4 Steps To Increase Google Ranking

Last week you may have read our case study on our own blogging methodology to increase Google ranking for a specific long tail keyword; ‘outsourced blog writing’. Now, let’s walk through how you can put the same ideas into action with your own blog or your client’s blog to improve rankings.

NOTE: This plan assumes that you are already blogging and are effectively tracking your keyword rankings for the posts on your blog. If you’re not there yet, start with this infographic to get you off on the right foot.

But, since you are blogging madly and tracking your keyword rankings, here is what you can do to increase Google ranking around a particular long-tail keyword.

4 Steps to Increase Google Ranking

#1 – Learn.

Your goal here is to discover why people are finding your blog, in other words, what is the reader’s intent? Discovering intent is the key to creating valuable content that will not only reach your users, but also allow you to focus your content generation on search intent optimization. As you blog, listen to your customers and audience for feedback.

There are tons of ways to gather feedback. Read the comments on a blog post. See who shares a post on social media and why. Or, you can be even more direct. Email or call your customers and readers to ask them how they found you and why. Turns out, people are really psyched to tell you about their journey, what they think, what they like, etc.

Most importantly, record what you learn from your customers and why they found you. This will unearth intent.

#2 – Target.

Analyze the responses you get from your users in order to identify the long-tail keywords which you will target to increase Google ranking.

The best way to understand a what a long-tail keyword is through an example:

Given the Summer Olympics were so recently on, a keyword we might consider is ‘Olympic race’. But we can refine that keyword by making it a long-tail keyword, zeroing in on a particular niche of inquiries related to the Olympics. We could try ‘Olympic medals race’. Or even more focused; ‘historic Olympic medals races’. This long-tail keyword focuses on the specific intent behind users’ search queries.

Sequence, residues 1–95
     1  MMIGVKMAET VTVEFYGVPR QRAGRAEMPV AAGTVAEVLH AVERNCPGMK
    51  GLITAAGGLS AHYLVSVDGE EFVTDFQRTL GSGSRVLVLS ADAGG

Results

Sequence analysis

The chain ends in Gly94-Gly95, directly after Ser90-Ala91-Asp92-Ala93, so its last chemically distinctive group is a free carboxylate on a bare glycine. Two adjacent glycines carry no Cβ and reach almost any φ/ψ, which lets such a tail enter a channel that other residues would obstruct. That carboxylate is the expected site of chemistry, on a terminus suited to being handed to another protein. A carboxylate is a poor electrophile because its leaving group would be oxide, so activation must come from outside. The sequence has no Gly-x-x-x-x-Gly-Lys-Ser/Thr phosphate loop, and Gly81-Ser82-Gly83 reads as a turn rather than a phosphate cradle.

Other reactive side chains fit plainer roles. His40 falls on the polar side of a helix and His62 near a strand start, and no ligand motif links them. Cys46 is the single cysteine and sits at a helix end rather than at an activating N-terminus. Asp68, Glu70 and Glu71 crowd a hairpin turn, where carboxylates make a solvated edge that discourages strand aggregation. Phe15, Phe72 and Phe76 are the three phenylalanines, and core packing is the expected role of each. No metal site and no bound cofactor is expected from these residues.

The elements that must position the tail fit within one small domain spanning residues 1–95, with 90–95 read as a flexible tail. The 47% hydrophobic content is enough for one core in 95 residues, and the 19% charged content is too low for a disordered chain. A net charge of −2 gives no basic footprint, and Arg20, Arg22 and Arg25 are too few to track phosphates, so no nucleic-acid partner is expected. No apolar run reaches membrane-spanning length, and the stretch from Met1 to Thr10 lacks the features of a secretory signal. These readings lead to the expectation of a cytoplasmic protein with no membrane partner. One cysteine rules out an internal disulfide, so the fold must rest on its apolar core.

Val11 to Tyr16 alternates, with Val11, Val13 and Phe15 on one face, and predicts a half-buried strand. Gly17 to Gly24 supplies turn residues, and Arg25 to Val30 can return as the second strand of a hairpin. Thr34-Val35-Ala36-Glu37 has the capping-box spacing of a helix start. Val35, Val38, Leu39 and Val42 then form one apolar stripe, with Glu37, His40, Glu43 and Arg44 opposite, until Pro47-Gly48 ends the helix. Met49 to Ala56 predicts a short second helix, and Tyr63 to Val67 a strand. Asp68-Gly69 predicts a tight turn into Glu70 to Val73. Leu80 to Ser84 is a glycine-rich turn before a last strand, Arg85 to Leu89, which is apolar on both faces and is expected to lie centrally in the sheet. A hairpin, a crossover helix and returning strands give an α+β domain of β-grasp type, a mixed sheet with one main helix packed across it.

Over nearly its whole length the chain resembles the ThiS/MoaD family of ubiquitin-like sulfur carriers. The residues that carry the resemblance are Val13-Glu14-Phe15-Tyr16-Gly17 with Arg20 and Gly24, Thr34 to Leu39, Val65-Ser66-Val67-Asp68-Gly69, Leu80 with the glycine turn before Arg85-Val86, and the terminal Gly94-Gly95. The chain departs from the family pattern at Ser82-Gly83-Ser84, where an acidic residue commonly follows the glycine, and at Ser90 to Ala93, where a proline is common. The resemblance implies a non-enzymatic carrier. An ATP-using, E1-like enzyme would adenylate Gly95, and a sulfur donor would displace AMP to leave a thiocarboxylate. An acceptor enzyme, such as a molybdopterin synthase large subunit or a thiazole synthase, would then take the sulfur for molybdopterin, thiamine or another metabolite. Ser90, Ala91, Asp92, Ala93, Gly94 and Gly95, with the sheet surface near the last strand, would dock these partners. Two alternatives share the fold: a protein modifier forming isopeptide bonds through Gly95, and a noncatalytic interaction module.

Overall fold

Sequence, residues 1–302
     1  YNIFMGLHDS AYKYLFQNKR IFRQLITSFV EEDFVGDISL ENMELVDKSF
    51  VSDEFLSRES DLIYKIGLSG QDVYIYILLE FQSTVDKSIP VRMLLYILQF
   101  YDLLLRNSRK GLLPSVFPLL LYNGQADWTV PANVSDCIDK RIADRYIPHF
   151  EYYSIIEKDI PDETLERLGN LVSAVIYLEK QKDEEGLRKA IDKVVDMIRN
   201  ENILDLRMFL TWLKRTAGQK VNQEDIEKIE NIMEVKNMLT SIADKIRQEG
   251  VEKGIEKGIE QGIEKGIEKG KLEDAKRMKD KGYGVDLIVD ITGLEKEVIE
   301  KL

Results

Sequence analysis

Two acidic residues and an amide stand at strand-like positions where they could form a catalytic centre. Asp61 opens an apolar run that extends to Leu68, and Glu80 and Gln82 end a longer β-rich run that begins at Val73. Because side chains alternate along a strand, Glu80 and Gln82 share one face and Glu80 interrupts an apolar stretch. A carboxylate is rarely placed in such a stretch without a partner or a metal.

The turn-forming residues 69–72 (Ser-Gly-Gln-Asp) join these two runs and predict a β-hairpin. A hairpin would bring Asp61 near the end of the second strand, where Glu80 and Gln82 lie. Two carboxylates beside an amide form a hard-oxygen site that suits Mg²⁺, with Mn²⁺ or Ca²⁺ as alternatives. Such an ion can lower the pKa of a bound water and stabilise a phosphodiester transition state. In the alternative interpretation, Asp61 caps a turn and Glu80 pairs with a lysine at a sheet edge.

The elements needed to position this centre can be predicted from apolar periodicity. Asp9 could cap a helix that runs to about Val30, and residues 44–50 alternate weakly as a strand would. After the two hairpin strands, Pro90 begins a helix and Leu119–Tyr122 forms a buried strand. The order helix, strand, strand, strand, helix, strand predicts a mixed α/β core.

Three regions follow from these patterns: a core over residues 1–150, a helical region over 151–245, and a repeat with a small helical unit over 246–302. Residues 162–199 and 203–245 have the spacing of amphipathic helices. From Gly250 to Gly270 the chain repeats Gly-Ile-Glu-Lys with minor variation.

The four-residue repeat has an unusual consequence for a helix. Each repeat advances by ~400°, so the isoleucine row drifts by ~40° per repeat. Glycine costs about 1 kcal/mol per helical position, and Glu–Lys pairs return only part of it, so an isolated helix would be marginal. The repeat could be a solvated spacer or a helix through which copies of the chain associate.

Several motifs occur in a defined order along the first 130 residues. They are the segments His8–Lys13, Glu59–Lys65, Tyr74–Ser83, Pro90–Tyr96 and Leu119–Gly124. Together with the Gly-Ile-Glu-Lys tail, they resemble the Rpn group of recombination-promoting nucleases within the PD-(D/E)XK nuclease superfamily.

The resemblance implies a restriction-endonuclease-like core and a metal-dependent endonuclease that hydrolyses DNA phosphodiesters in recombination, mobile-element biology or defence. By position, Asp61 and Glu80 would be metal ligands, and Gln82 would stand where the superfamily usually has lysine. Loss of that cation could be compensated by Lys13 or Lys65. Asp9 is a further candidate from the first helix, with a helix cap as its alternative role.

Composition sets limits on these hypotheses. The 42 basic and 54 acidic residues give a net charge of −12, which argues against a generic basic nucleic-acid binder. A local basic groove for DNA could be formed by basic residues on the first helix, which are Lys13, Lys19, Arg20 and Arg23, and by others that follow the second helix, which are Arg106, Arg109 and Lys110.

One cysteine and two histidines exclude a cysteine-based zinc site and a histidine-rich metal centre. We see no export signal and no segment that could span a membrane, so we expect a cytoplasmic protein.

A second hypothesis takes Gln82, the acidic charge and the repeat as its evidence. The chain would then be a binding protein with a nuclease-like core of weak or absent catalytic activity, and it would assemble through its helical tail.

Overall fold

When targeting a long-tail keyword, ask yourself: “Is this keyword worth writing about?” To answer yes, you want a keyword in which you can compete against the competitors’ content AND for which you can create valuable content.

For more information, see how we answered this question here.

#3 – Execute.

Once you have the long-tail keyword to target, you want to build and execute a content campaign around your long-tail keyword.

What does that look like? Three things you gotta do:

  • Set a goal. Want your keyword to rank #1? Top 10? Above your biggest competitor? Quantitative is better than qualitative in this case.
  • Create your blog topics incorporating your target long-tail keyword, then create the content (Verblio can help) to make it easier on yourself. If you try to shoehorn keywords in after creating the content, your work will be cut out for you!
  • Promote, promote, promote! Without a promotion plan as part of your content campaign, your blog posts will be all dressed up with no place to go. Here’s a specific example of how to promote your posts on LinkedIn.

#4 – Measure.

Track the keyword; this is your primary result. Again, if you’re not tracking keyword performance already, check out how we do it here.

The key here is to set a time limit to measure how your campaign performed, based on the initial goals. Did you accomplish your goal in one month? Three months? Name it, measure it, close the campaign, and assess.

#? – Learn (again).

See what I did there?

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The content game is a game that keeps giving. In times of success or failure, you always have the opportunity to learn from experience.

When Verblio (formerly BlogMutt) set out to increase Google ranking for ‘outsourced blog writing’, we learned that although we created engaging content, we had a really low click rate. Our takeaway was that we needed to incorporate stronger CTAs into and throughout our content in order to engage the readers further and drive more to action.

In success, you learn and then scale. In failure, you learn and then pivot.

By following these critical steps, you can focus your blogging to increase Google rankings with specific long-tail keywords, improving your overall SEO and bringing more qualified leads to your site.

 

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Matthew Allard

Sales at Verblio is a wonderful thing for the simple fact that our content service removes the headaches of managing writers, deadlines, writer's block, and even editing from our customers. When I'm not teaching business owners and marketers how to get the content they need from Verblio, I'm probably running trails in the Front Range, snowboarding or backpacking with my wife.

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